Democrats will figure out a way to make this look like bad news. Wait for it….

cajunpatriot on May 29, 2014 at 3:44 PM

Those videos are great!! They are an incredible indictment against DeBlasio and other institutions such as Teacher’s Unions who want to eliminate any opposition to their control over our educational system.

It’s inspiring to hear the story of young Alise. I hope things have improved for her and that she won’t lose sight of her goals and ambitions.

lineholder on May 29, 2014 at 3:52 PM

I get no respect around here. You’re all homophones.

NotCoach on May 29, 2014 at 3:15 PM

Not me! I’m a homonymph or a phonomorph. I can’t never rember witch it is.

Oldnuke on May 29, 2014 at 3:53 PM

The white man keeping the black man down.

Some things never change.

Bigbullets on May 29, 2014 at 3:11 PM

Bobby Jindal ain’t white.

bw222 on May 29, 2014 at 3:53 PM

Parental control concerns seem even more absurd.

Absurd, or hypocritical?

Public schools believe the children belong to them. Keep a child home because they’re feeling bad, and the schools won’t take your word that they were sick. They will demand a doctor’s excuse to prove they were sick.

If you ever have a child in a public school, you learn very quickly how little they care about what parents think.

There Goes the Neighborhood on May 29, 2014 at 3:54 PM

I don’t generally like to toot my own horn.

Bigbullets on May 29, 2014 at 3:18 PM

Aww, go ahead. That whole hairy palm thing is just a myth.

Oldnuke on May 29, 2014 at 3:55 PM

I’m a communist agitator.

NotCoach on May 29, 2014 at 3:18 PM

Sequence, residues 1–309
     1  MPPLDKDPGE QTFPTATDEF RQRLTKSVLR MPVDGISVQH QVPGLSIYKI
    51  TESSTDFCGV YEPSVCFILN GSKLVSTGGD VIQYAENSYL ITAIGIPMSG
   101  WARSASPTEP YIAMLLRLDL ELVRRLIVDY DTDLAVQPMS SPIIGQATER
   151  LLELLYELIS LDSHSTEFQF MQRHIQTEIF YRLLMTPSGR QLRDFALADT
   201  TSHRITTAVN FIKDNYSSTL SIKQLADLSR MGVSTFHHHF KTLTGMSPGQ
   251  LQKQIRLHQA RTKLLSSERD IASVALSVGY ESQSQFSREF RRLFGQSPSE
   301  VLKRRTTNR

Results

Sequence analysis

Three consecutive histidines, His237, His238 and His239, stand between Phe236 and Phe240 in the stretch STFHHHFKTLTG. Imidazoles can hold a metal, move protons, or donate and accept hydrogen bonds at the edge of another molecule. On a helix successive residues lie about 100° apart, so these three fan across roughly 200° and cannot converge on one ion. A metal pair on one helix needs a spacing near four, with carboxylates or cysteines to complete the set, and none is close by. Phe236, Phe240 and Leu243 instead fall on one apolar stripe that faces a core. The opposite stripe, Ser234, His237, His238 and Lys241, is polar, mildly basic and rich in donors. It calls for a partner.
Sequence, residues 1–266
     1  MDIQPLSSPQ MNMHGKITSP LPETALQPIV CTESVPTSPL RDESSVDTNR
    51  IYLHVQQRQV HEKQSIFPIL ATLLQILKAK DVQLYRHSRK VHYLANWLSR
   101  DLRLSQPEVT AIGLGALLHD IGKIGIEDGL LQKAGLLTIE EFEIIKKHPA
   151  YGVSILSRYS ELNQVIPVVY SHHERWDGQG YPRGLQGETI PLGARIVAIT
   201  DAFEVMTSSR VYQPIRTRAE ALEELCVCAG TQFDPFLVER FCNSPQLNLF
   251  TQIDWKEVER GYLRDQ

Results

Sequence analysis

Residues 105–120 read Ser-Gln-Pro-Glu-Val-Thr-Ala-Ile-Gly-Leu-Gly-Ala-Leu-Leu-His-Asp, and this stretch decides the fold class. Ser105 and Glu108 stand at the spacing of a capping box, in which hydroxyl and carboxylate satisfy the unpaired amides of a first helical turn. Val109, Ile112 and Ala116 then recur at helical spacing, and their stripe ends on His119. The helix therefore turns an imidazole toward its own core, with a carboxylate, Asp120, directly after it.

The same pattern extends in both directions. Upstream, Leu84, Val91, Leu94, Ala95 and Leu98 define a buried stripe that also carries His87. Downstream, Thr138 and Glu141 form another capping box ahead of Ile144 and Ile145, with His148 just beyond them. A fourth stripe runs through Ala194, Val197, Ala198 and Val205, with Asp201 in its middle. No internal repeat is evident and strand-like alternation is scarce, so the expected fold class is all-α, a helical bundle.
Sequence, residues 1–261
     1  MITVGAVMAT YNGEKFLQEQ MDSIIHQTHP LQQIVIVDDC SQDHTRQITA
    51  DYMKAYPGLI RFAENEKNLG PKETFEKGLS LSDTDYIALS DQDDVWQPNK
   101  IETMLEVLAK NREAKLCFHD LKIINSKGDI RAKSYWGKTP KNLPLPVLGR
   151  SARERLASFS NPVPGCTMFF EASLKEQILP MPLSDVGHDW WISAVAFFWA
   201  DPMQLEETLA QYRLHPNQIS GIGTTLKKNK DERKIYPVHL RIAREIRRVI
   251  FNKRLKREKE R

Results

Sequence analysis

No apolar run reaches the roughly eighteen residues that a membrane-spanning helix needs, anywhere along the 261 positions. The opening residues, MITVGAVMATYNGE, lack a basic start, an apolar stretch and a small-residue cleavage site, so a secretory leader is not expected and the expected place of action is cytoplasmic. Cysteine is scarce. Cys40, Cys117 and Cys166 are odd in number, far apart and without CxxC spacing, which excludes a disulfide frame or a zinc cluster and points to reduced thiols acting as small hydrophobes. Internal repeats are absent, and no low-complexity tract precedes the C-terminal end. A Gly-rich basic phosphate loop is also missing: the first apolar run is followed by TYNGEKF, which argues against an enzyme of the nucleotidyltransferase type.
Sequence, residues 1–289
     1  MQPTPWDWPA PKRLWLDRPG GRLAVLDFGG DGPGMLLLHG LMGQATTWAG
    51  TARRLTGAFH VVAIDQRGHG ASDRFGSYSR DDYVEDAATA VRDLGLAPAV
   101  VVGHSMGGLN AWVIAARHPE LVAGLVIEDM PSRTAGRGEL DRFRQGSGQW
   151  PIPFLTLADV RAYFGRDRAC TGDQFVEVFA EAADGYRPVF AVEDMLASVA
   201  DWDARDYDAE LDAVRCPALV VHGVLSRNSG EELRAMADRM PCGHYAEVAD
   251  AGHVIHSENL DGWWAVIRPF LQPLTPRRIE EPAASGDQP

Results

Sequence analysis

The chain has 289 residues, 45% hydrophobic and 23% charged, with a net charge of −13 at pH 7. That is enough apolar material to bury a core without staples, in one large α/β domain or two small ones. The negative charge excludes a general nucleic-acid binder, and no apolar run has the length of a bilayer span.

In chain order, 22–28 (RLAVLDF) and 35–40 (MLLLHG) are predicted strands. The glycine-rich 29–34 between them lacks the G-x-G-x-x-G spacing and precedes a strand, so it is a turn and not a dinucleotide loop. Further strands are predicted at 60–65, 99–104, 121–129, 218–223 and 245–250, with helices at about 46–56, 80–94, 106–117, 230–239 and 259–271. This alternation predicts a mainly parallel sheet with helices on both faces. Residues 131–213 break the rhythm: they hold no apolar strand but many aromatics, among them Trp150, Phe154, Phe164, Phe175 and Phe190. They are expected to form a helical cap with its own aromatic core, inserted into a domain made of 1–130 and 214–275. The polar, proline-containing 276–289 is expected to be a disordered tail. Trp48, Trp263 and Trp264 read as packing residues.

me too.

MarxMyWords on May 29, 2014 at 3:57 PM

Why do republican’s hate public school teachers?

Bigbullets on May 29, 2014 at 2:49 PM

Wrong question! Why do white Democrats like DeBlasio want to prevent black kids in Harlem from getting a good education?

Steve Z on May 29, 2014 at 3:58 PM

New Orleans’s Recovery School District permanently shuttered its last five traditional public schools this week.

so much for choice. what about the parents and kids whom wished to stay in the traditional schools? dont they have any rights? they certainly dont have any options now. school ‘choice’ indeed.

ThisIsYourBrainOnKoch on May 29, 2014 at 3:59 PM

Half the country (essentially) is right-to-work and doesn’t have unions in the public school system.

xNavigator on May 29, 2014 at 3:13 PM

praise gaia this isnt true.

ThisIsYourBrainOnKoch on May 29, 2014 at 4:01 PM

Big f$&@ you to Eric Holder :)

sorrowen on May 29, 2014 at 4:08 PM

me too.

MarxMyWords on May 29, 2014 at 3:57 PM

Who should we starve/kill first, comrade?

NotCoach on May 29, 2014 at 4:08 PM

There is so much I love about Bobby Jindal. He also reformed the most corrupt state in the union to become our most ethical. This guy is a rockstar.

John the Libertarian on May 29, 2014 at 4:18 PM

i dont particularly LIKE public school teachers. but i’m not a republican. its a scar from my chilhood spent in numerous detentions. not sarcastic.

t8stlikchkn on May 29, 2014 at 4:19 PM

Del Dolemonte on May 29, 2014 at 2:56 PM

Note to self: Del Dolemonte is unable to detect sarcasm on the internet.

Bigbullets on May 29, 2014 at 3:02 PM

Sure I am. The fact that you suck at it is your failure, not mine.

F-

Del Dolemonte on May 29, 2014 at 4:19 PM

praise gaia this isnt true.

ThisIsYourBrainOnKoch on May 29, 2014 at 4:01 PM